Apple’s AirTag still offers better safety precautions than competing trackers like Tile

Following recent reports of Apple’s AirTag being used with malicious intent, a story from the New York Times offers an in-depth view into the situation. A report secretly tracked her husband with different trackers including Apple’s AirTag. Her investigation revealed that although the Cupertino tech giant’s tracking device does have privacy concerns, similar devices on the market may be worse. 

AirTag vs Tile

Privacy dangers of Tile and GPS trackers ‘way worse’ than AirTag

Kashmir Hill writing for the New York Times decided to investigate claims that Apple does not offer enough safety protections with AirTag.

I decided to examine both claims by planting three AirTags, three Tiles, and a GPS tracker on my husband and his belongings to see how precisely they revealed his movements and which ones he discovered.

Hill learned that the GPS tracker was better than AirTag and Tile in areas that were not populated densely. Notably, the AirTag’s effectiveness “skyrocketed the day my husband traveled to New York City, because he was surrounded by people carrying iPhones.”

AirTag - Tracker Detect app

Hill notes that the AirTag privacy feature did work, to an extent. Within two hours of filling their car with trackers, her husband received an alert on his iPhone informing him of an unknown AirTag moving with him but it could not be identified.

The problem was that he couldn’t find it. The alert said he could make the AirTag play a sound, but when he attempted to do so, his phone wouldn’t connect to the device. This happened multiple times, and he started to get frustrated. “Is it in my shoe?” he asked me at one point, taking his blue Nike off and peering at it. “You have to tell me. I don’t want to destroy my shoe looking for it.”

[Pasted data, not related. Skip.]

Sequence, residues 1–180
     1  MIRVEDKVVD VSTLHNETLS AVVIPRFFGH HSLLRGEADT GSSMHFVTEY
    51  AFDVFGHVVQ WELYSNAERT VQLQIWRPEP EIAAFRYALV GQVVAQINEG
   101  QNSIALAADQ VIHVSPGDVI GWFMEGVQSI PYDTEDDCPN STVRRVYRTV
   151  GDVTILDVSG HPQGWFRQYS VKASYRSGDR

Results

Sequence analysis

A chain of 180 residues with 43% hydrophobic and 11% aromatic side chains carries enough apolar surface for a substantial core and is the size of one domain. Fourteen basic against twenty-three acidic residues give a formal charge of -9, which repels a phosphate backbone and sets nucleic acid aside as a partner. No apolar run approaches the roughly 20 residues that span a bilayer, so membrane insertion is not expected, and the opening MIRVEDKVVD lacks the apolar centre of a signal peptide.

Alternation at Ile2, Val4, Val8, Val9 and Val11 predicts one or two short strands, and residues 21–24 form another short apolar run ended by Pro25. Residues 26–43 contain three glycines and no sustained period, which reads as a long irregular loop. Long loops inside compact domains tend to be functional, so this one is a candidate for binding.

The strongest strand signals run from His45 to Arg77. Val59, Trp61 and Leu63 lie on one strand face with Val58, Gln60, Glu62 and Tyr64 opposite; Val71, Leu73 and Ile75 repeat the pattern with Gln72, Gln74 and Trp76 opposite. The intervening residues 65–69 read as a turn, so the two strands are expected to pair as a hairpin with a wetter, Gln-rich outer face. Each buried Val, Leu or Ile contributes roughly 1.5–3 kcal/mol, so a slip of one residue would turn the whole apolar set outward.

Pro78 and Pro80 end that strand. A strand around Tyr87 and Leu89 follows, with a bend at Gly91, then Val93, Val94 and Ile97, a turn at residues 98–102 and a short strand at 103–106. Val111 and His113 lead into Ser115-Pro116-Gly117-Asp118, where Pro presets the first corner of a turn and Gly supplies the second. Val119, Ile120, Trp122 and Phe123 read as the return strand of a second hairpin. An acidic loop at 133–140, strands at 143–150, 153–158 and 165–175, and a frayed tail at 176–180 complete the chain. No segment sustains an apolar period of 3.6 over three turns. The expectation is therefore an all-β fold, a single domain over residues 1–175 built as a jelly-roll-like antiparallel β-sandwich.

The one time his iPhone connected to the AirTag in the car, so he could play the noise, it was so hard to tell where it was coming from that he gave up looking for it after five minutes.

On the other hand, Tile did not present any warning or alerts. Hill concludes that Apple’s security measures for AirTag are not foolproof but it is a step about Tile trackers and the specialized GPS tracking device.

The Tile tracker was not quite as well-informed. Its system is similar to Apple’s but far fewer people have the Tile app on their phones than own Apple devices. Forty million Tiles have been sold, the company said last year.

Another key difference between Tile and AirTag is that if an iPhone detects an unknown AirTag continuously moving with it, the iPhone owner gets a notification, along with a map showing where the tracking started. (Android owners, meanwhile, have to download a special app to look for AirTags. Tile said it planned to release a similar app for people worried about unwanted tracking.)


“For all the bad press the AirTags have gotten, and as flaky as the detection mechanisms were, at least I was consistently getting notifications they were following me,” Hill’s husband said. “The privacy dangers of the other trackers were way worse.”

This week, Apple published a new article on the updates it has already introduced to prevent unwarranted tracking via AirTag and has also announced several new anti-stalking features coming later this year including Precision Finding for unknown AirTags, display alerts with sound, and more.

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About the Author

Asma is an editor at iThinkDifferent with a strong focus on social media, Apple news, streaming services, guides, mobile gaming, app reviews, and more. When not blogging, Asma loves to play with her cat, draw, and binge on Netflix shows.

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